The last mile to production

Within the agile world, it’s a given that continuous integration should be part of the process. But an efficient way of getting the software into users’ hands seems to sit outside of agile, and I believe that’s a mistake. This is one of the things I’ll be talking about later this month in my workshop at How to Web in Bucharest (drop by if you’re in the area, etc, etc).

This is not to say seamless delivery into production itself is a neglected subject — it certainly is not — but it’s often regarded as a topic distinct from the agile software development process, and often not implemented. It’s easy to see why this is: in part it’s because it’s quite possible to demonstrate working software without it being in production. In part I suspect it’s also because the last mile is typically the realm of the systems integrators and administrators, who typically sit (or are sat) outside of the software process. And, let’s be honest: getting something into production is difficult, getting it into production regularly is very difficult, and so it’s good be able to claim the agile badge without having to sort that out.

But getting something into production again and again and again is a huge benefit to the core goals of agile: until something is actually being used for real by its end users it’s very difficult to make further calls about how it should evolve. By doing this we really get to understand what counts as valuable. And those end users are rarely the business analysts or internal customer that a lot of teams deal with.

Unfortunately a consequence of pushing for a seamless last mile (or continuous delivery, or however you would label your target) is that it forces you to be clear about what success really is. For many software teams a demo in front of the internal customer is success, even though that’s often a cop-out. Getting the thing in front of your end users is what should be classed as success, but that’s often difficult to deal with, because it means having to respond to potentially unwanted feedback in the middle of your project. And yet if the agile software development is about delivering value — regularly — then the value is really only measurable when it’s in your real end users’ hands.

4 thoughts on “The last mile to production

  1. Hi Nik,

    This is a interesting topic. Agile is always criticized (by waterfallists) for not being able to get projects done. I hope that you will publish this discussion as a post…

  2. I totally agree, and is something I have worked on over a number of projects. Whilst often big companies resist handing over operational responsibility of the whole platform to the agile team, we have found a successful middle ground using a devops approach. We form an environments and infrastructure team to support a few common agile software teams – preferably under the same overall management to ease priority calls, and we take full responsibility for all the dev/test platforms and production and co-operate closely with the devs – a working production system is a shared responsibility and goal. Often we are only hands on at the OS level and above, but this is where the biggest gains are. We delegate hardware, storage and networks to the level of a service with a clear interface (similar to a cloud model, although if only I could get an automated interface to define firewall rules, but that’s a separate battle). This helps justify that we are using the corporate IT resources and reduces the control arguments. It also allows us to leverage corporate wide efficiencies in these areas, and to be honest, I find hardware rather boring anyway, so why would I want to manage it – once we have a stack of capacity provided, it doesn’t often get touched, other than to add more of the same as capacity requirements grow.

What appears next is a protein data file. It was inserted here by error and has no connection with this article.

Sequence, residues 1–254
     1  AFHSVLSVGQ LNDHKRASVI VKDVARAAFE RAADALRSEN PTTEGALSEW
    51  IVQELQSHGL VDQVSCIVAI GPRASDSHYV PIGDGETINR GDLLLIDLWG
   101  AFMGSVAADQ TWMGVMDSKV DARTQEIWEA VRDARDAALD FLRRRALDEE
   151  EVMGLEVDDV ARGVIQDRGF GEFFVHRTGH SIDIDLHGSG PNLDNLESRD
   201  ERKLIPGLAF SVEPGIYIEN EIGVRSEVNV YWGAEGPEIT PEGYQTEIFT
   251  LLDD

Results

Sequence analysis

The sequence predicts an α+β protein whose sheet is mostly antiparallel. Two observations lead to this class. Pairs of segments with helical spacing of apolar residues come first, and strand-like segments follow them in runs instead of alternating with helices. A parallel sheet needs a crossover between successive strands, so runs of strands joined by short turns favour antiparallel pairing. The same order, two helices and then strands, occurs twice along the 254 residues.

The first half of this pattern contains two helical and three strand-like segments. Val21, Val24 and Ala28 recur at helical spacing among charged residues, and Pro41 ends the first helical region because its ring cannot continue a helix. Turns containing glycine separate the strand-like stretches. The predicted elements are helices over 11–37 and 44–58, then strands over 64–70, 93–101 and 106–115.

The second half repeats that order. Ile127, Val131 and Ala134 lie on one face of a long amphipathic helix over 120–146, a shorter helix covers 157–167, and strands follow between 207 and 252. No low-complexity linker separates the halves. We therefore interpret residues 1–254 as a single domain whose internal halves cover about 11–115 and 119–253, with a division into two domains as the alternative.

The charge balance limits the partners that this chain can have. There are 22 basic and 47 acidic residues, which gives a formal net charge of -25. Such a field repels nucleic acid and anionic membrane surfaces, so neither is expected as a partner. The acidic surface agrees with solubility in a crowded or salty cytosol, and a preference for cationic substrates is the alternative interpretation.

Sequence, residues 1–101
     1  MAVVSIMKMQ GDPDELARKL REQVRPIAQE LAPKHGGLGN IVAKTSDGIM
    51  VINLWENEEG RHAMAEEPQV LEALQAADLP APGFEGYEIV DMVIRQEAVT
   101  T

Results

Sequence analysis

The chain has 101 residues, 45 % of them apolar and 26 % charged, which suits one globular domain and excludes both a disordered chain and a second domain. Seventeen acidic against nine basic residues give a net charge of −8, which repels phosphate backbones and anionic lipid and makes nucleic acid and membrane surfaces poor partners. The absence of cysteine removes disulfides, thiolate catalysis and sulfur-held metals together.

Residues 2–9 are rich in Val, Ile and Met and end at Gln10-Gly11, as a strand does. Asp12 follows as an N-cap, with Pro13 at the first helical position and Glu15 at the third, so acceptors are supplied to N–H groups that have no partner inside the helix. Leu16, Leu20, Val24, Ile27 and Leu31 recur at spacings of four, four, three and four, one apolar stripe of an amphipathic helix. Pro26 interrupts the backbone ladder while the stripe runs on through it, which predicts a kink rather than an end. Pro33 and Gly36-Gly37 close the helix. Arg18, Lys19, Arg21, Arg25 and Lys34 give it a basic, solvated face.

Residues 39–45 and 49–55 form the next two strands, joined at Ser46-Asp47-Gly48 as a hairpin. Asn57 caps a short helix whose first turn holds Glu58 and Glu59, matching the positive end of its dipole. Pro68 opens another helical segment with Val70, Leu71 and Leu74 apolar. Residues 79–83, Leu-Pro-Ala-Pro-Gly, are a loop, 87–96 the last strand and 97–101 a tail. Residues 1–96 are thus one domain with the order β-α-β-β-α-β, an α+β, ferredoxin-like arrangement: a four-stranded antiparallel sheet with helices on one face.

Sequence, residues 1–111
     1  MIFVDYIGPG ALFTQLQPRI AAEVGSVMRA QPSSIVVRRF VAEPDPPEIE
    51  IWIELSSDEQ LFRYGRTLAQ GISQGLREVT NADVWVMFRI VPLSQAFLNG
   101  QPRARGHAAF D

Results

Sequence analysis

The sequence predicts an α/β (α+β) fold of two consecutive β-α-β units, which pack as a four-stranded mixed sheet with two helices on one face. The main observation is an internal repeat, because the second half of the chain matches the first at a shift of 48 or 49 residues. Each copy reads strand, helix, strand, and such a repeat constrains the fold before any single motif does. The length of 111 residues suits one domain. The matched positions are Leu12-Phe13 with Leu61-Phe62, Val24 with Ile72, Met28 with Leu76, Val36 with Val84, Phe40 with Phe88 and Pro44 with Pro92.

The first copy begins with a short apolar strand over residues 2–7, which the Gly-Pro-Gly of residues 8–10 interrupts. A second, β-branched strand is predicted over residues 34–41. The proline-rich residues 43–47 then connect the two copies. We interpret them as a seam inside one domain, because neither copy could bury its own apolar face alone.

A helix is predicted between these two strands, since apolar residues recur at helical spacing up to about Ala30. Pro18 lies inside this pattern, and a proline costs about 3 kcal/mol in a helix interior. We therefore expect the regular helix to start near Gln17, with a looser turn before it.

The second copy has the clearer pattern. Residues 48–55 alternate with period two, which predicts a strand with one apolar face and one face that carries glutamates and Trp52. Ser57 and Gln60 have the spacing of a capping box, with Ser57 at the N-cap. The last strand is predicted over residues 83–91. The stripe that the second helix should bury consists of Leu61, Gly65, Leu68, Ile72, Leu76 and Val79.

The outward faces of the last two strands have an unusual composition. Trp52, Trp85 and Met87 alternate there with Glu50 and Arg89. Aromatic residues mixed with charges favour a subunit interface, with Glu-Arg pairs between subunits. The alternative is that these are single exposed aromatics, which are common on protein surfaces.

The key factor to success is that the infra team needs to be formed at the same time as the first software development takes place, and they start to create an automated build for the run-time environment in parallel. If you try and catch up later, there won’t be time to build sufficient automation, and the dev team will already be managing their test platform – something that will invariably result in diffs in approach.

    First the run-time is built in test, and the showcase each week takes place on that. Eventually we have sufficient automation for the QA’s to self deploy the whole stack after every build if they wish – from db creation/upgrades to os rebuilds to app deployment and load balancer config – thus the whole deployment is being continually tested as the app evolves. We set the rule that the same artifacts must be capable of being deployed to all environments just by running the deployment scripts with a different environment parameter. All environment diffs are handled by the deployment tool form a versioned respository.

    It is then a simple matter to take the same deployment mechanism and target production. We have even used a common agile tool to front this with a workflow to ensure that any given build can only get to production by following a set process with approvals – ie QA deploys to test, Scrum Master approves deployment to Stage, Infra team deploys to Stage, QA approves, Scrum Master approves deployment to prod, Infra team deploy to prod. We thus have a full record of the production change, including a log of what the deployment activities were (we attach the log to the ticket afterwards).

    This approach also works well for demonstrating confidence to a Release Management team that only a light touch through the change board is required.

    Our goal is to deploy weekly, although, it could be more frequently if required, as the actual deploy has a very low resource overhead, and a predictably high success rate.

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